Rose Castle is a Place of Peace and Reconciliation
The castle has the warm feeling of a family home and it can be used for weddings, corporate away days or weekend retreats. It has off-grid technology and plenty of space.
Its homely setting hosts the Rose Castle Foundation’s programmes that equip a global network of reconcilers. These leaders are from diverse faiths and cultures and engage across differences to transform and resolve conflict.
It’s a home from home
Rose Castle is a place where people can feel at home and make the most of their time together. It is the ideal setting for weekend escapes, intimate weddings and big celebrations. It has an off-grid feeling of space, with all the modern technology you could need.
The castle was gifted by King Henry III to the Bishops of Carlisle in 1230 and was the official residence, palace and border fortress of 63 bishops. Bishop John Halton made important defensive works during hostilities with Scotland and, in the fourteenth century, Bishop William Strickland constructed the impressive 14th century Strickland Tower.
Today, it houses the Rose Castle Foundation, which hosts groups from across the world for group training in reconciliation and transforming conflict. One of the signature activities is working with Princeton students who represent different sides in a real-world conflict, such as those between Ukraine and Belarus. The experience enables participants to better understand the other’s perspective and begin the process of building trust.
It’s a place of peace
Rose castle is a place of peace, where people can come together and learn to embrace difference. It is also a place of reconciliation, where different faiths can share their stories of conflict and forgiveness. This is a remarkable feat in an age of deep divisions.
Canon Sarah Snyder has made it her life’s work to link faith purposefully to reconciliation, especially for those with bitter and long-seated conflicts. She is the founder of Rose Castle Foundation, a haven where people with different religious and political allegiances meet to learn about each other in workshop settings. They eat, socialise, relax, and share their scriptures and traditions. In this way, they re-humanise those they have only known across metaphorical or real walls.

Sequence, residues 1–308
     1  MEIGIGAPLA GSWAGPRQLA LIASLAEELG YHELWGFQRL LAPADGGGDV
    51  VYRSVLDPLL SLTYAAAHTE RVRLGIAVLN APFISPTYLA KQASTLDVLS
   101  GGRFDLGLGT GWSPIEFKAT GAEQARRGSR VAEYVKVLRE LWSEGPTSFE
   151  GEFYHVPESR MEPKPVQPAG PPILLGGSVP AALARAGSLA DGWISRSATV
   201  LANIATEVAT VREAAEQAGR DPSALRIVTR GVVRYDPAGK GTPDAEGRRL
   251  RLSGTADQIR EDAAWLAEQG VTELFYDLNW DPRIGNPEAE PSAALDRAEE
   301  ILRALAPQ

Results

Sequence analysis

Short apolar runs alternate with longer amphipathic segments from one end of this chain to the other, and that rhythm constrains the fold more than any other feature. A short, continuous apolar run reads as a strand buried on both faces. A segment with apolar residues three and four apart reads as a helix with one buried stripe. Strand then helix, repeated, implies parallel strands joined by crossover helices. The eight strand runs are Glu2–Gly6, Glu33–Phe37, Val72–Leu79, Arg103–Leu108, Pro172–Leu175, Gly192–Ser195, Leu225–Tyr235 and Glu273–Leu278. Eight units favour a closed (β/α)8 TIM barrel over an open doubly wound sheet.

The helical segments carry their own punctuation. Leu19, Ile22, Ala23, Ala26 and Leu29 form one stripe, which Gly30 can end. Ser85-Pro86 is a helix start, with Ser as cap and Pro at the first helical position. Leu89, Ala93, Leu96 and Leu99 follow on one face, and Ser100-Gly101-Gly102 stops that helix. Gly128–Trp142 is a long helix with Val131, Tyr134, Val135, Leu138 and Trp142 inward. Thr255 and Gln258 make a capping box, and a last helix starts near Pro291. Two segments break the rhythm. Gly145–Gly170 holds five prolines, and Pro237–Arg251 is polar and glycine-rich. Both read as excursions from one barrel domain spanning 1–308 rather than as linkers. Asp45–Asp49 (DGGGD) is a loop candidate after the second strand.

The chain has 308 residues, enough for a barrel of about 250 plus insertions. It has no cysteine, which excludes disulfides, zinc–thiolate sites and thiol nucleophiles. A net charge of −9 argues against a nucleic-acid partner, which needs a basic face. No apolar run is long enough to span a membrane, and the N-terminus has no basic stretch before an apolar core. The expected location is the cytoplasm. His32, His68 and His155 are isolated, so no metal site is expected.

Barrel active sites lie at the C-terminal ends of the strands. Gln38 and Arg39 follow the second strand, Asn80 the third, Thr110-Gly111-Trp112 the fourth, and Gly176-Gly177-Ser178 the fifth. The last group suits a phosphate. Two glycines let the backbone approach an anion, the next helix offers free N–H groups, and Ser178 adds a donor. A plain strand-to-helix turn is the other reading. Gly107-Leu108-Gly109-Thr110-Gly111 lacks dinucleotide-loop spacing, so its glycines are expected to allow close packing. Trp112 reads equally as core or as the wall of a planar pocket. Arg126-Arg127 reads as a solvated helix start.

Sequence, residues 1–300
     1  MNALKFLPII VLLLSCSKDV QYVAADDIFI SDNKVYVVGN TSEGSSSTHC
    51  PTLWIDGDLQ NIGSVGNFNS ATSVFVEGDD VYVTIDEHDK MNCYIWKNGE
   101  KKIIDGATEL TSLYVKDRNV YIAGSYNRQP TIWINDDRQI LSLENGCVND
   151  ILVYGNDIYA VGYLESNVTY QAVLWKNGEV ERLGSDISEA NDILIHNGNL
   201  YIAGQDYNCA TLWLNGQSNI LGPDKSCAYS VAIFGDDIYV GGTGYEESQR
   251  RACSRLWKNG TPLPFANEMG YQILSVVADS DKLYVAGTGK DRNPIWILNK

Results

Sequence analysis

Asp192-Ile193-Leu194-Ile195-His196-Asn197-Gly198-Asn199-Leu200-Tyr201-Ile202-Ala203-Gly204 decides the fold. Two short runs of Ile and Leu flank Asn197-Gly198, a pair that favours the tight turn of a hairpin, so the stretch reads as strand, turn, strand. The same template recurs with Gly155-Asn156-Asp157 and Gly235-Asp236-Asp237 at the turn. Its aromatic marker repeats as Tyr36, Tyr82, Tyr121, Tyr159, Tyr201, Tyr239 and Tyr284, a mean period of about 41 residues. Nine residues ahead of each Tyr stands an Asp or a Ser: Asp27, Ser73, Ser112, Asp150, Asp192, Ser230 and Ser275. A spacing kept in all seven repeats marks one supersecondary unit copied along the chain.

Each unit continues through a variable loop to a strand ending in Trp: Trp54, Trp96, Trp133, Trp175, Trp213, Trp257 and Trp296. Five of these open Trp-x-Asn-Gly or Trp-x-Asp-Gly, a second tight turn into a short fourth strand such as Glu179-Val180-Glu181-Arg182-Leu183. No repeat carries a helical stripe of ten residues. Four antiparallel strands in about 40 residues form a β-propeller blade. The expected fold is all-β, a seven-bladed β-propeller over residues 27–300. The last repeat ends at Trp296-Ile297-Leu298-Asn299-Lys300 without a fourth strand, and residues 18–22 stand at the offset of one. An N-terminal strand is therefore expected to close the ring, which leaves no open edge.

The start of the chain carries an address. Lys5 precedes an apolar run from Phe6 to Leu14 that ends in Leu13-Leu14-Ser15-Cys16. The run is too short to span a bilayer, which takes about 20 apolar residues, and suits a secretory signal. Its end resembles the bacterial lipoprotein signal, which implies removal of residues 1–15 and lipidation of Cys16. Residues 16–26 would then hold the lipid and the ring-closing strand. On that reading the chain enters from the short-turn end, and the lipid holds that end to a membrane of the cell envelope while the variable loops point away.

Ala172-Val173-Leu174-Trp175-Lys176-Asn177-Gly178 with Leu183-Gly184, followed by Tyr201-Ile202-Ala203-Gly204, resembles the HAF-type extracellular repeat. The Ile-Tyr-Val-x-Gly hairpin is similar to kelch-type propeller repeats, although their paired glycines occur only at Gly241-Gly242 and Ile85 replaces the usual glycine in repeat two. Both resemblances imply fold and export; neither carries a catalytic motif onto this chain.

After Boden’s group took part in a program at the castle, they wanted to keep going when they returned to Princeton. So they formed the Princeton Rose Castle Society and kept meeting over Zoom during the pandemic, with some students becoming leaders for newcomers.
It’s a place of reconciliation
In a time when our world seems increasingly divided, it’s crucial to find spaces like Rose Castle that help people overcome their differences. The former residence of the Bishops of Carlisle for 800 years is now a centre of reconciliation. Its mission is to welcome strangers across divides and re-humanise them, using scripture-formed community practice.
It was set up as a charity more than two years ago, and hosts conferences and peacebuilding work. Its goal is to become a permanent home for those seeking peace. Its rooms have been restored to combine modern convenience with unpretentious classic luxury and style.
When students return to campus, they are better equipped to have difficult conversations, whether one-on-one with friends or in groups. Naomi Frim-Abrams ’20, who took part in the 2023 trip, said she found herself more comfortable discussing sensitive issues with her classmates. She credits the experience at Rose Castle for preparing her to lead discussions in her role as president of PRCS.
It’s a place of beauty
In a time when we are surrounded by images of horror, Rose Castle is a place to come and see that beauty still exists. The castle is full of awe-inspiring architecture that reflects our history and culture. It is also a place where we can learn from the past and see how people survived tyranny and war.
The gardens at the castle are just as impressive, with yew trees, apple and pear orchards, and beautiful views. The gardens were first created by Bishop William Strickland, who planted over a thousand trees in the area surrounding the castle. He kept detailed notes about the gardens and improved them throughout the century.
When Princeton University professor Alison Boden took her students to visit Rose Castle in 2019, they wanted to continue the experience after they returned to campus. They started a group that meets every week over dinner to engage in small-group discussions on topics related to the trip. The group has stayed together throughout the pandemic, and many of the members have become leaders.